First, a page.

Mik Kersten and Heather Shanholtzer recently spoke about trends in cloud-based tools and how cloud technology affects application lifecycle management.
Mik Kersten is the CEO of Tasktop Technologies. I recently had the chance to talk to him about trends in cloud-based tools and how cloud technology affects application lifecycle management.
Heather Shanholtzer: What are the current cloud technology trends that our readers should acquaint themselves with? How will we benefit from them?
Mik Kersten: Infrastructure as a service is established and here to stay. It’s platform as a service (PaaS) where we’re seeing a lot of investment and innovation, and with that, a bigger change in how the application lifecycle needs to be managed. Whether you’re heading toward public or private PaaS, there are significant application architecture and lifecycle considerations to address due to both the changes in the platform on top of which your apps will be built, and the shift and the increased consumption of ready-made services.
Heather Shanholtzer: What are some of the challenges we can expect to encounter as more and more of our tools and services are moving to the cloud?
Mik Kersten: There is no shortage of discussion around how PaaS affects your apps’ architectural aspects like security. But what usually gets ignored is how the move to cloud and PaaS will impact our application lifecycle. By moving away from packaged libraries to composing applications from reusable services, we are moving away from a world where we control the lifecycle of our own application. That has profound implications on how we manage the lifecycle of an application dependent on those services.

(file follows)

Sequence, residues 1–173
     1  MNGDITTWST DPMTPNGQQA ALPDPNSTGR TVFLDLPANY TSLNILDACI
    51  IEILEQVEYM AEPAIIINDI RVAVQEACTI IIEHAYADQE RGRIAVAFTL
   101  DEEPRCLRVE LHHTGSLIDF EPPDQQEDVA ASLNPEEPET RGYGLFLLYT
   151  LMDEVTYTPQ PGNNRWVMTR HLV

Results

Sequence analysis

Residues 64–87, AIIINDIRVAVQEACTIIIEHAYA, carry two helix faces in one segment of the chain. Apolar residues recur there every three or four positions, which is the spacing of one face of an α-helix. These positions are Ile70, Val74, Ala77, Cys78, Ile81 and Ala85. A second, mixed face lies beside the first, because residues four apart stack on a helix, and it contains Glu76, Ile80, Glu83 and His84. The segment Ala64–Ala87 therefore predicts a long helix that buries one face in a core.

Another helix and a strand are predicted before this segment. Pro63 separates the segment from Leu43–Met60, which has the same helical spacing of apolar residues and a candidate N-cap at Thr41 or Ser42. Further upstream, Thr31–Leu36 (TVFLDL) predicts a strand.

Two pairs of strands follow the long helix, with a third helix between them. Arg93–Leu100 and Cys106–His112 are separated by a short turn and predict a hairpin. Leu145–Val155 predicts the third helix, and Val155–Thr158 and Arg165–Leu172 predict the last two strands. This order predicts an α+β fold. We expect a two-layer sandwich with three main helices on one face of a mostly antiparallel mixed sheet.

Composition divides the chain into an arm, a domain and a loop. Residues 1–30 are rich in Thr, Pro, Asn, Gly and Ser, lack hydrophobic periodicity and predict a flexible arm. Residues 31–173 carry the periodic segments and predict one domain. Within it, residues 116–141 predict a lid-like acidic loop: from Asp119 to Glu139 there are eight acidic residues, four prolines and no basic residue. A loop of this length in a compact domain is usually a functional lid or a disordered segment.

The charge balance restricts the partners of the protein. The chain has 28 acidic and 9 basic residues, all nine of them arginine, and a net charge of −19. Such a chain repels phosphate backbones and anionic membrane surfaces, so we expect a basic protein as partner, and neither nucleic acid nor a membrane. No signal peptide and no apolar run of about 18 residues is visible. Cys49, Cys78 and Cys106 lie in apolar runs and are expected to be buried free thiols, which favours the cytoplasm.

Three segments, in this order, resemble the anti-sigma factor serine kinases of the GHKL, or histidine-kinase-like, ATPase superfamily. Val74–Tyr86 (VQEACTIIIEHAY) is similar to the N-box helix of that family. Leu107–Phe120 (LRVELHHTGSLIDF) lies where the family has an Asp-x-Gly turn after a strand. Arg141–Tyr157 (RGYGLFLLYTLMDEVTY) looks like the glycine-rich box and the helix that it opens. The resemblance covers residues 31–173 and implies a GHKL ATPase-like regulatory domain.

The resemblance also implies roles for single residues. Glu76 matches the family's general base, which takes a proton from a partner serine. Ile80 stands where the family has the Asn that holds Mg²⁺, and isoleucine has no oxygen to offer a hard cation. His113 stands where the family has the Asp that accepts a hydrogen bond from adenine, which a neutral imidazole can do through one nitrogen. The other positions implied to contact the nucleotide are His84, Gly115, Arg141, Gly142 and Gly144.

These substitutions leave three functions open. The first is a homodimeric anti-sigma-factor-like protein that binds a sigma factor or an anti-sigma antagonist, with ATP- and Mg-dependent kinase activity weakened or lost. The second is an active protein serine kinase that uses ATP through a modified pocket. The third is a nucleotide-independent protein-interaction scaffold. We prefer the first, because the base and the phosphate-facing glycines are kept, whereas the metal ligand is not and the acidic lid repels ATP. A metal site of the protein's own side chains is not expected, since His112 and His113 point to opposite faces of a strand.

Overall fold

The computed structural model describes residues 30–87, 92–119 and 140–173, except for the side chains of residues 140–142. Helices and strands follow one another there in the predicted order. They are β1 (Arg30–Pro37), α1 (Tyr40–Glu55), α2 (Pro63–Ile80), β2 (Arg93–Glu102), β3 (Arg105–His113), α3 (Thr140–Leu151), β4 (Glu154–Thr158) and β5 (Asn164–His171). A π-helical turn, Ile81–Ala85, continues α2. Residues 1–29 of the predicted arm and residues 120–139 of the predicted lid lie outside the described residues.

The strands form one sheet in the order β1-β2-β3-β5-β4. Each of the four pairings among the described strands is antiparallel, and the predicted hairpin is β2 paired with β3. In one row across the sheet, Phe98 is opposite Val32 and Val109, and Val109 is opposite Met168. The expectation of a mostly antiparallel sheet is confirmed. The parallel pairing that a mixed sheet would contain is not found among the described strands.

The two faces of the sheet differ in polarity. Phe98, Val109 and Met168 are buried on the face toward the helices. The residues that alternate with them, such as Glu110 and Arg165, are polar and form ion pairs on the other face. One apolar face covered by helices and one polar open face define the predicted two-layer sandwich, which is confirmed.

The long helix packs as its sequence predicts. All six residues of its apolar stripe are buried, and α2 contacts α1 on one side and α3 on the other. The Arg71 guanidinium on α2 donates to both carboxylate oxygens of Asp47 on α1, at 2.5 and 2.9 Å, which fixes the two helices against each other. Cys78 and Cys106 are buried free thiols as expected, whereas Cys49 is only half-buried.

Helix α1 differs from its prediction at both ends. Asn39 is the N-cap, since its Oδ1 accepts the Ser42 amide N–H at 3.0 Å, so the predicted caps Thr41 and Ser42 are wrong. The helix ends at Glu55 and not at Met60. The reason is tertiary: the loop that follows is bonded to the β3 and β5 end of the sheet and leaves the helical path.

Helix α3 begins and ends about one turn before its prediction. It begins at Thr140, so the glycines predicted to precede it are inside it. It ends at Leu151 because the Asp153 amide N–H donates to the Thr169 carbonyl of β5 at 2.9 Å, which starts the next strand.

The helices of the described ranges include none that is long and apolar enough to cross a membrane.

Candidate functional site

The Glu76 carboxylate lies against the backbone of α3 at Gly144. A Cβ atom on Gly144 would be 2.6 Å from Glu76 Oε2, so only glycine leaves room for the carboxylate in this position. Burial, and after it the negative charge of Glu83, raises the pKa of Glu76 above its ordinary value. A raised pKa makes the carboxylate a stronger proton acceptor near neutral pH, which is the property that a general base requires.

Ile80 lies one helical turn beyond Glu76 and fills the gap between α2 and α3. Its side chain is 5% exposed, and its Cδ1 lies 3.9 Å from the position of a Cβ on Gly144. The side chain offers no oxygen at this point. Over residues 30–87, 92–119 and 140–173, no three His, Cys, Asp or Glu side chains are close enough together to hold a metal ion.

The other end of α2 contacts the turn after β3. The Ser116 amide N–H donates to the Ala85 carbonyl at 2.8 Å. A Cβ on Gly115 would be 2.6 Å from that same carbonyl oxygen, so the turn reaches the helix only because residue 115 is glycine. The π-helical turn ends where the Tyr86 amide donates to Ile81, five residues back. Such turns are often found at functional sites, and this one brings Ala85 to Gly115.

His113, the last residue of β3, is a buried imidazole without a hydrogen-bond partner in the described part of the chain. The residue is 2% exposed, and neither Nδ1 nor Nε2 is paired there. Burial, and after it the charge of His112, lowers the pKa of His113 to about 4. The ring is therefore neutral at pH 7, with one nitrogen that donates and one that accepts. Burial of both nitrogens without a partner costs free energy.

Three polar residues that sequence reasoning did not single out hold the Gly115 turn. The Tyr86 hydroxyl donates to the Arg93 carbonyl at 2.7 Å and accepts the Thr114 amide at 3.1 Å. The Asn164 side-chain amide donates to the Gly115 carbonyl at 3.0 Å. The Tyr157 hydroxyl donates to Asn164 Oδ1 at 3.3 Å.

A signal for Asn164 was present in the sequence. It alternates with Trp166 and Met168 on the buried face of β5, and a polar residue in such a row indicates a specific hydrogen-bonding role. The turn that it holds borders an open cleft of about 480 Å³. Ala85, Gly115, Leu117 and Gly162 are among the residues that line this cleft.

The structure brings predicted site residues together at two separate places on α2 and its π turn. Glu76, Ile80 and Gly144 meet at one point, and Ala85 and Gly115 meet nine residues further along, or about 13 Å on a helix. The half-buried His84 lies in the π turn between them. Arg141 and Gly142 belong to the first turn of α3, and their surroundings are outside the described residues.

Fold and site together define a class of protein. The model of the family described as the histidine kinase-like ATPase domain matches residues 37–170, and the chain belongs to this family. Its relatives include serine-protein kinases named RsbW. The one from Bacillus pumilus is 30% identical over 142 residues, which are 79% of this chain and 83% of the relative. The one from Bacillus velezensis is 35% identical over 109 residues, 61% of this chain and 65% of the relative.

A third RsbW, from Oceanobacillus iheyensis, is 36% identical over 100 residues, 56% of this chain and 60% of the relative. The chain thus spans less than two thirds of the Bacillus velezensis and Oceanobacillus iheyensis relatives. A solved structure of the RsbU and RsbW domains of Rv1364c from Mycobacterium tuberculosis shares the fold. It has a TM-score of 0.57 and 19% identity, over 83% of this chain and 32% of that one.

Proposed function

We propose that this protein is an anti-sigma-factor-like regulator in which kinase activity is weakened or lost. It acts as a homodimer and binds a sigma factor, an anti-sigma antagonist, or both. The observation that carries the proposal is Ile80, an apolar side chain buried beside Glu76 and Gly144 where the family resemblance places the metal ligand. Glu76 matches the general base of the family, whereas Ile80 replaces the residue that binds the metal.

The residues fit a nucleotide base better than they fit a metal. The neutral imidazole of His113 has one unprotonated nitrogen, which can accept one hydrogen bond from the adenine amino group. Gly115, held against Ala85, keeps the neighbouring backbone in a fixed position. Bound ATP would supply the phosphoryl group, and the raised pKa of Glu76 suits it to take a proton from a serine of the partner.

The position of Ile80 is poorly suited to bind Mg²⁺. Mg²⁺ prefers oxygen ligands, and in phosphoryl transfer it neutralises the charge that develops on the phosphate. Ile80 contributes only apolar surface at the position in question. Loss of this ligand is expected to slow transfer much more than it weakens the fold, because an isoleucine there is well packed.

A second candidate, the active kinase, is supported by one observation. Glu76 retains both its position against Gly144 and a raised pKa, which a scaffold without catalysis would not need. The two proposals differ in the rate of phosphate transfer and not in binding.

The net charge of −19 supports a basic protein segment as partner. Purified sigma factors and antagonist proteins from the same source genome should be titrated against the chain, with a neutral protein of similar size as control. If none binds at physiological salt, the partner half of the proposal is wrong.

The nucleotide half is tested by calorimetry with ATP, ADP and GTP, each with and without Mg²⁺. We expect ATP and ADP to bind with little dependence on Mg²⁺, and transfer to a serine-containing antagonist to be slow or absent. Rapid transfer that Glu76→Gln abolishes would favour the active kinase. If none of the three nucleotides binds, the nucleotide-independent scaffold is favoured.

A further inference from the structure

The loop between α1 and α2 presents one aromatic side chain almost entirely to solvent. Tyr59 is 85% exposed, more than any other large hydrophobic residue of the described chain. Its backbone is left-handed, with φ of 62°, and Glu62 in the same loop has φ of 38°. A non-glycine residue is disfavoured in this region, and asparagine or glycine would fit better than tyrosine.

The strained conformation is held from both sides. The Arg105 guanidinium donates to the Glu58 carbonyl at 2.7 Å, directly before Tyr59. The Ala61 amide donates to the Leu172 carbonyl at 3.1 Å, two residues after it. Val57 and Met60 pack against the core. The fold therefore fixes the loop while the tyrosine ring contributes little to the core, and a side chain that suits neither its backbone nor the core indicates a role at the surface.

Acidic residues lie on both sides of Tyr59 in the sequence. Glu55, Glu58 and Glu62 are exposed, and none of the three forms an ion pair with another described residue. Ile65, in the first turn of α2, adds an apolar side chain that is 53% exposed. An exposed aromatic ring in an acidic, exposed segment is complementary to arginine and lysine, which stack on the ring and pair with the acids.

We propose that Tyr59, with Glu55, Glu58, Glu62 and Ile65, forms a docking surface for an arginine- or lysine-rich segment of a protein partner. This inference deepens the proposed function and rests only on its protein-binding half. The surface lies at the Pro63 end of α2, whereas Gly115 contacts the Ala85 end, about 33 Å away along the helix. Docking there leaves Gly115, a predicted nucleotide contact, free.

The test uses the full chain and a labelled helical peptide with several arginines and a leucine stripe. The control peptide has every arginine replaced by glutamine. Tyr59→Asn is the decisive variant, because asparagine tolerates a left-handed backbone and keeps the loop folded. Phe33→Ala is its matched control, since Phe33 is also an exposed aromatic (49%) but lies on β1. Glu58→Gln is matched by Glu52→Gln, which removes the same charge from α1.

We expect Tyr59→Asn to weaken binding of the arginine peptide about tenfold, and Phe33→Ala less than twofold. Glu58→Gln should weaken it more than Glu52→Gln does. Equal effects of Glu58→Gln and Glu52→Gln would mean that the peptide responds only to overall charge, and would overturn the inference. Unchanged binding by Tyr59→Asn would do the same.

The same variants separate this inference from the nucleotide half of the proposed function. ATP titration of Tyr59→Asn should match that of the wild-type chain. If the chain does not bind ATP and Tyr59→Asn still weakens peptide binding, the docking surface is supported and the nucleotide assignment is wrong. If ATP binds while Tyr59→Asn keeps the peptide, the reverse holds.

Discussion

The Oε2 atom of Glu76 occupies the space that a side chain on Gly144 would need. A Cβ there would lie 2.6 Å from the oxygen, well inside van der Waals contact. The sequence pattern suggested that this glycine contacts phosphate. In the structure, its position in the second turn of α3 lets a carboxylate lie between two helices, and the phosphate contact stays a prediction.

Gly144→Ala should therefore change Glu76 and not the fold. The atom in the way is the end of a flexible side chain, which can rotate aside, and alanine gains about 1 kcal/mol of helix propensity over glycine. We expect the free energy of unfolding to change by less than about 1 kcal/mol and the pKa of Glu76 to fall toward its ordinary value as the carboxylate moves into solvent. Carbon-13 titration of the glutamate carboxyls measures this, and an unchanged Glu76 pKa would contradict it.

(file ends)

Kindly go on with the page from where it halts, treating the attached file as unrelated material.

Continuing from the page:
Heather Shanholtzer: How do cloud-friendly application lifecycle management tools affect productivity?
Mik Kersten: What exists today is a number of cloud-hosted ALM tools from software as a service vendors. Hosted ALM of this sort has been around for the better part of the decade. What we are also seeing now is better integration between cloud-friendly lab environments and ALM tools, as well as provisions for parts of the lifecycle to deal with hosted services, such as service virtualization for testing. But what’s lacking entirely is an adjustment of the ALM tools to manage a much more heterogeneous lifecycle of loosely coupled services and from a multitude of vendors and open source suppliers.
Heather Shanholtzer: How do these tools and services affect management, and what should managers do to prepare themselves for changes to governance?
Mik Kersten: The first step is to examine the lifecycle stack and stakeholders that you have today, and ensure that you have an automated end-to-end flow of information from requirements through agile delivery, to operations and back again. The lifecycle of each major software component should be connected to the ALM as a whole. That is the first step of preparing your application to a move to consuming cloud-based services, where your mostly static software supply chain will turn into a constantly evolving software ecosystem. It’s that shift that’s going to change how we think about ALM.